For decades, gelatin has been touted as a good source of protein. It has also been said to strengthen nails and hair. http://www.mysimon.com/Cosmetics/9000-10951_8-0.html?pagenum=9&orderby=2 http://www.waningmoon.com/nails/faq.shtml} However, there is little scientific evidence to support such an assertion, one which may be traced back to Knox's revolutionary marketing techniques of the 1890s, when it was advertised that gelatin contains protein and that lack of protein causes dry, deformed nails. In fact, the human body itself produces abundant amounts of the proteins found in gelatin. Furthermore, dry nails are usually due to a lack of moisture, not protein.
Several Russian researchers offer the following opinion regarding certain peptides found in gelatin: "gelatin peptides reinforce resistance of the stomach mucous tunic to ethanol and stress action, decreasing the ulcer area by twice."
Gelatin has also been claimed to promote general joint health. A study at Ball State University, sponsored by Nabisco (the former parent company of Knox gelatinhttp://www.gelita.com/), found that gelatin supplementation relieved knee joint pain and stiffness in athletes. These results have not yet been replicated by other researchers.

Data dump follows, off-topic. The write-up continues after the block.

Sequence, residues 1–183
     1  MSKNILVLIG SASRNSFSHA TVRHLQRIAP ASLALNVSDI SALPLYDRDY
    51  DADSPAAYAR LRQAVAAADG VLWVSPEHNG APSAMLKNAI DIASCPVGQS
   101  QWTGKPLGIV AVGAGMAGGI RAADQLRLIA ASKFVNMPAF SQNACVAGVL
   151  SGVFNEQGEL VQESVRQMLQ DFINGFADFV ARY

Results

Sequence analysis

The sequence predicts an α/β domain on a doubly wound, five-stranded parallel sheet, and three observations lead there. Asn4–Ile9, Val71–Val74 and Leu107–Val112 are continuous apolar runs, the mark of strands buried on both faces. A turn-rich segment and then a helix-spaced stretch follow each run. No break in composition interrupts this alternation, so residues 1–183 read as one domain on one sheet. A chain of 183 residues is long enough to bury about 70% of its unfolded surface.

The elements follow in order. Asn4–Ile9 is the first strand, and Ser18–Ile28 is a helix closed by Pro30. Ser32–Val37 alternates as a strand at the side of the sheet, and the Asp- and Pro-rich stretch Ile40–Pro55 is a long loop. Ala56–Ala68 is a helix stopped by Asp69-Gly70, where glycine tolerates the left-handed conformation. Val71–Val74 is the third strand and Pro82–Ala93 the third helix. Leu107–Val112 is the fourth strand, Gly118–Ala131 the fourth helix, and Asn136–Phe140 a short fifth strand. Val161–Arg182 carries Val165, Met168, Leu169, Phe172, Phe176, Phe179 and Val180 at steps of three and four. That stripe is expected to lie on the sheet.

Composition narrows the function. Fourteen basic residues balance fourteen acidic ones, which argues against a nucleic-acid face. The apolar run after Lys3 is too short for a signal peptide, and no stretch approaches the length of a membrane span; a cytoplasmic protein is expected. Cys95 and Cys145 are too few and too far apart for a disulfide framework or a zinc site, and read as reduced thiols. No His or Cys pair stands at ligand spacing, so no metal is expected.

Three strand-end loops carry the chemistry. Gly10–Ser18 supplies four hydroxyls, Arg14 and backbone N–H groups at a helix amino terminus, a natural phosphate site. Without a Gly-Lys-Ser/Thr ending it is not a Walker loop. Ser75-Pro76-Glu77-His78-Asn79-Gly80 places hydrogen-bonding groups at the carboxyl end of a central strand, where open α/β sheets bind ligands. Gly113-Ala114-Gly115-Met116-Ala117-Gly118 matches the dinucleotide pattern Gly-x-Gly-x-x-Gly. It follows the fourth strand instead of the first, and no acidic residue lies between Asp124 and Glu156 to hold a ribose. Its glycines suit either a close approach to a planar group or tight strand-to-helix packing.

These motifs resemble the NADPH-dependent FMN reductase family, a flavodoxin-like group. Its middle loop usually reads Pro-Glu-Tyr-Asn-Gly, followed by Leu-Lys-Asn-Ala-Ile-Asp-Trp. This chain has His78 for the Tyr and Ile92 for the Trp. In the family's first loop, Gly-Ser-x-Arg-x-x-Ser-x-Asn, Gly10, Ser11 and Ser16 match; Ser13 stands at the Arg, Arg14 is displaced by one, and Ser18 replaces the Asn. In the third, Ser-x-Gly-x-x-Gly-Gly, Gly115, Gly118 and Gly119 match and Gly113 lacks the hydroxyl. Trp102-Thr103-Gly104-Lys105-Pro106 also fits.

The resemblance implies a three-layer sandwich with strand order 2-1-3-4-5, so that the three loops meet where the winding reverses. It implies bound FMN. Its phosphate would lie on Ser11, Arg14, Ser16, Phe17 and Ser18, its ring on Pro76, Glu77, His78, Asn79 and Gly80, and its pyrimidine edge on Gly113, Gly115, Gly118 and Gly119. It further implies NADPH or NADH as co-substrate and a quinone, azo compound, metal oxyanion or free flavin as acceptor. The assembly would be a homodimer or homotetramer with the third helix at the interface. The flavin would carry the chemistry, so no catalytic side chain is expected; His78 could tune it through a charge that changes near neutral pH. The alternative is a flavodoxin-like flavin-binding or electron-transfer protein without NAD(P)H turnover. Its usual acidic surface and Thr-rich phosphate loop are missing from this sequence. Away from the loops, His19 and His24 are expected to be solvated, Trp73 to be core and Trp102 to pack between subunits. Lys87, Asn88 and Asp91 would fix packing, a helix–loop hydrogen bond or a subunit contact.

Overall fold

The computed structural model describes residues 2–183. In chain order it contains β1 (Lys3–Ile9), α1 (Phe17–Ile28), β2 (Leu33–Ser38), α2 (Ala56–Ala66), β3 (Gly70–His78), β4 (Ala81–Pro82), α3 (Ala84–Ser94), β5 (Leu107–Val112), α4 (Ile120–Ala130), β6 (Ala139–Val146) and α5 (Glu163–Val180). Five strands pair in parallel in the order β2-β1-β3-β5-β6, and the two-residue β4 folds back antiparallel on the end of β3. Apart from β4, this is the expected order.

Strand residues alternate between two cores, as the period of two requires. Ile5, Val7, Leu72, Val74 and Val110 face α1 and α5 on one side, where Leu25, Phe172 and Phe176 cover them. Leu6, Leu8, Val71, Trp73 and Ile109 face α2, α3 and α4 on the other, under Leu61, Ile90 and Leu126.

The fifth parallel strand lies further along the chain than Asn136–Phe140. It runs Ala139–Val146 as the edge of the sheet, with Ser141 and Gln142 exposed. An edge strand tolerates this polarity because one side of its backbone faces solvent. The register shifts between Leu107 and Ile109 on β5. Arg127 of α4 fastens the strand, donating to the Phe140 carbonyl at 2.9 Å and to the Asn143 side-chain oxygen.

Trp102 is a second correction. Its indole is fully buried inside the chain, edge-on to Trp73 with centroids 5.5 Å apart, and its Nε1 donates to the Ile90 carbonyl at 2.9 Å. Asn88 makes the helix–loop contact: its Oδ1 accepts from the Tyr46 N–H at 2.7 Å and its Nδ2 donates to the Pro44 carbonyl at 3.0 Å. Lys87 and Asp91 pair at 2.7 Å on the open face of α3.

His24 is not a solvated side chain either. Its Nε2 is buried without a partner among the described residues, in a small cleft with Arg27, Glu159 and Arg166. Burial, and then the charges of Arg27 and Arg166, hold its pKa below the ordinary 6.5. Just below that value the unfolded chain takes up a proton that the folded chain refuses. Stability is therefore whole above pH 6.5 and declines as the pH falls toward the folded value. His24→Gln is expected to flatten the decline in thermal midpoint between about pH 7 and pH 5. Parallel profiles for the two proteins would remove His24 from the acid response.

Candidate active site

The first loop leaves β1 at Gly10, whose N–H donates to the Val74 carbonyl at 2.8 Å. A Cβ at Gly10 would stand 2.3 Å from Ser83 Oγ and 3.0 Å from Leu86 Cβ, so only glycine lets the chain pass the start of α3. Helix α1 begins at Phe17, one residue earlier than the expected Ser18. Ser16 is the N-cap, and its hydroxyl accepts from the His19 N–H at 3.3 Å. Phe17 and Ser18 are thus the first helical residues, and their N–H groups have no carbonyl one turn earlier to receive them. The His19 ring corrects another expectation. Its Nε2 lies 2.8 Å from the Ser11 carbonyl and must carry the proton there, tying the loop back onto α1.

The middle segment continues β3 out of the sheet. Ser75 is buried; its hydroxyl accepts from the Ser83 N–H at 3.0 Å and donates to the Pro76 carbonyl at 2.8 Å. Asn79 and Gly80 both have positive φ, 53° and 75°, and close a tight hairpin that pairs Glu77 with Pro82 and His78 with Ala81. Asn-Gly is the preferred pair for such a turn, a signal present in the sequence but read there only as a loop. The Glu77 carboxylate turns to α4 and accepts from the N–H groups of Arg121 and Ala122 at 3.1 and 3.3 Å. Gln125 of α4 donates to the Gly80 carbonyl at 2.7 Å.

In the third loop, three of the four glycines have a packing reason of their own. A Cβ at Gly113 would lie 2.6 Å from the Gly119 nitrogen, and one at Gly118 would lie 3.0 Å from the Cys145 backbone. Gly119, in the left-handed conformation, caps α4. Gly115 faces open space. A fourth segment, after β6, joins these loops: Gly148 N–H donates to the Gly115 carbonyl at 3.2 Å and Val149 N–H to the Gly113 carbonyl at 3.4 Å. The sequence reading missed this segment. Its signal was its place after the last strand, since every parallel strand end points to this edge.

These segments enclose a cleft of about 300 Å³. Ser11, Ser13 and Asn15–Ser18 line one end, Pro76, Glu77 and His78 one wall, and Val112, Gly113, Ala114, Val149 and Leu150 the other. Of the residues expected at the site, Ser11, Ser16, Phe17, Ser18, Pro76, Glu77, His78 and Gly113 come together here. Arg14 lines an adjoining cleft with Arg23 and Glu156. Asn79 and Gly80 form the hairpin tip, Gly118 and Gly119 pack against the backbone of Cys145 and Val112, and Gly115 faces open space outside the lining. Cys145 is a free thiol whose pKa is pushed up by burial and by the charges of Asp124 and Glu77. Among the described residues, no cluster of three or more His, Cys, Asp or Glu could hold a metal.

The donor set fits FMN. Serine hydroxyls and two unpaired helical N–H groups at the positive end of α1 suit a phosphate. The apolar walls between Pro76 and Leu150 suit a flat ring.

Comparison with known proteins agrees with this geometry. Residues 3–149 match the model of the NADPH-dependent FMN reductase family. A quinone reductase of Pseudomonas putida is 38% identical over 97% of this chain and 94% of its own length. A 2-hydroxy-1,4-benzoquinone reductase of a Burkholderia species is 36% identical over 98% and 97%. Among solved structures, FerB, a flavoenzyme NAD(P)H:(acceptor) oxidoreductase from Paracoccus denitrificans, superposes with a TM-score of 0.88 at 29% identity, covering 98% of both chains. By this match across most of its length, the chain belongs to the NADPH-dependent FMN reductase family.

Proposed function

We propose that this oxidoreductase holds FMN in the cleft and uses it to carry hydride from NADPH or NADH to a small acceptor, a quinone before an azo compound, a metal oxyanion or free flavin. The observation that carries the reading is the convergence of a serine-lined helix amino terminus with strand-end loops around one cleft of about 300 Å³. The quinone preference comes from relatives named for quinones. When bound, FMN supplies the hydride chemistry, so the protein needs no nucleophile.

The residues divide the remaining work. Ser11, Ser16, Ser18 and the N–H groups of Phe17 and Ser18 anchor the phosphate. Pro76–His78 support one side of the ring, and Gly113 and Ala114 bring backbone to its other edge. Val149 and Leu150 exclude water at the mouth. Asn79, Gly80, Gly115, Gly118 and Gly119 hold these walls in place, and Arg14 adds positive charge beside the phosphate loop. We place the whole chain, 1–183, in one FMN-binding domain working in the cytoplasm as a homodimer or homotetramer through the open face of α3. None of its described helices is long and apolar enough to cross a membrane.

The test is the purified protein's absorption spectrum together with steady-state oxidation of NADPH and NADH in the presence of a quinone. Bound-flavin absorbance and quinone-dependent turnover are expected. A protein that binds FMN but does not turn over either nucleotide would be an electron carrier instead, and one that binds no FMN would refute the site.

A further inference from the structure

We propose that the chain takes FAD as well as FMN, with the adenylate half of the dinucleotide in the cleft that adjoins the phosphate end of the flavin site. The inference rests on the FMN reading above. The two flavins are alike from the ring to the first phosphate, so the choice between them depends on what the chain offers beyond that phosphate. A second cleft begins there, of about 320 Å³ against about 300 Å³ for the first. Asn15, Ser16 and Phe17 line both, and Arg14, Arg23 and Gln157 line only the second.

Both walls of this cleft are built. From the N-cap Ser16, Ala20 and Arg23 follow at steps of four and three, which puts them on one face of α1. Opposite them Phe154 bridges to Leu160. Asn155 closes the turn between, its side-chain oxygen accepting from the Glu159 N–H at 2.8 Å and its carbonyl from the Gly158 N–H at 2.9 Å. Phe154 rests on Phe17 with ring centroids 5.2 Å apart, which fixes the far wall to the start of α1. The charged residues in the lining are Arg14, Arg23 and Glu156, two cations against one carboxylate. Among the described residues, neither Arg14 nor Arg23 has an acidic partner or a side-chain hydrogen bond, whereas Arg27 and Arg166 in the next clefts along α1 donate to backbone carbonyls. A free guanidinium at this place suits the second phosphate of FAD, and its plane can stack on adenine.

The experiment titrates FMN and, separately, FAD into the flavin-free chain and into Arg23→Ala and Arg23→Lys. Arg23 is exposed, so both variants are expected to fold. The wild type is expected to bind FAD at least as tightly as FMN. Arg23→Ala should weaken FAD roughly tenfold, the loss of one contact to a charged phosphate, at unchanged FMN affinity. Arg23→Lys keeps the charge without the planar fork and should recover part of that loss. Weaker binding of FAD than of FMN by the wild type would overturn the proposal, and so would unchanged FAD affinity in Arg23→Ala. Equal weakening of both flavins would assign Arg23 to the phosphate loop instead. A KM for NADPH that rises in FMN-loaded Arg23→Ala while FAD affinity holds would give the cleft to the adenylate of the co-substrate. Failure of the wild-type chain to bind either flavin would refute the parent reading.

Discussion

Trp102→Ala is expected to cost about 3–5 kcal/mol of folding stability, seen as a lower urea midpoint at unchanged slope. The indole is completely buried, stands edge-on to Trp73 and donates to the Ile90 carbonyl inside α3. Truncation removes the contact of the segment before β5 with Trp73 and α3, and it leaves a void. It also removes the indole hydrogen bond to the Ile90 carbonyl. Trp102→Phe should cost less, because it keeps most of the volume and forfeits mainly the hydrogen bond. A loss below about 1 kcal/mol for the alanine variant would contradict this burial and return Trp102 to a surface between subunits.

Safety concernsDue to bovine spongiform encephalopathy (BSE), also known as "mad cow disease", and its link to new variant Creutzfeldt-Jakob disease (vCJD), there has been much concern about using gelatin derived from possibly infected animal parts. One study released in 2004, however, demonstrated that the gelatin production process destroys most of the BSE prions that may be present in the raw material. However, more detailed recent studies regarding the safety of gelatin in respect to mad cow disease have prompted the U.S. Food and Drug Administration to re-issue a warning and stricter guidelines for the sourcing and processing of gelatin to reduce the potential risk posed by Bovine Spongiform Encephalopathy from 1997.
An alternative source for gelatin could be fish gelatin from for example cat fish, Tilapia species or Trachurus species. Other advantages over gelatin from pigs or cows is the absence of issues for preparing food because of religious reasons.
gelatinous in Arabic: جيلاتين
gelatinous in Czech: Želatina
gelatinous in Danish: Gelatine
gelatinous in German: Gelatine
gelatinous in Spanish: Gelatina
gelatinous in Esperanto: Gelateno
gelatinous in French: Gélatine
gelatinous in Indonesian: Gelatin
gelatinous in Italian: Gelatina animale
gelatinous in Hebrew: ג'לטין
gelatinous in Hungarian: Zselatin
gelatinous in Dutch: Gelatine
gelatinous in Japanese: ゼラチン
gelatinous in Norwegian: Gelatin
gelatinous in Polish: Żelatyna
gelatinous in Portuguese: Gelatina
gelatinous in Romanian: Gelatină
gelatinous in Russian: Желатин
gelatinous in Slovenian: Želatina
gelatinous in Finnish: Liivate
gelatinous in Swedish: Gelatin
gelatinous in Thai: เจลาติน
gelatinous in Turkish: Jelatin
gelatinous in Chinese: 明膠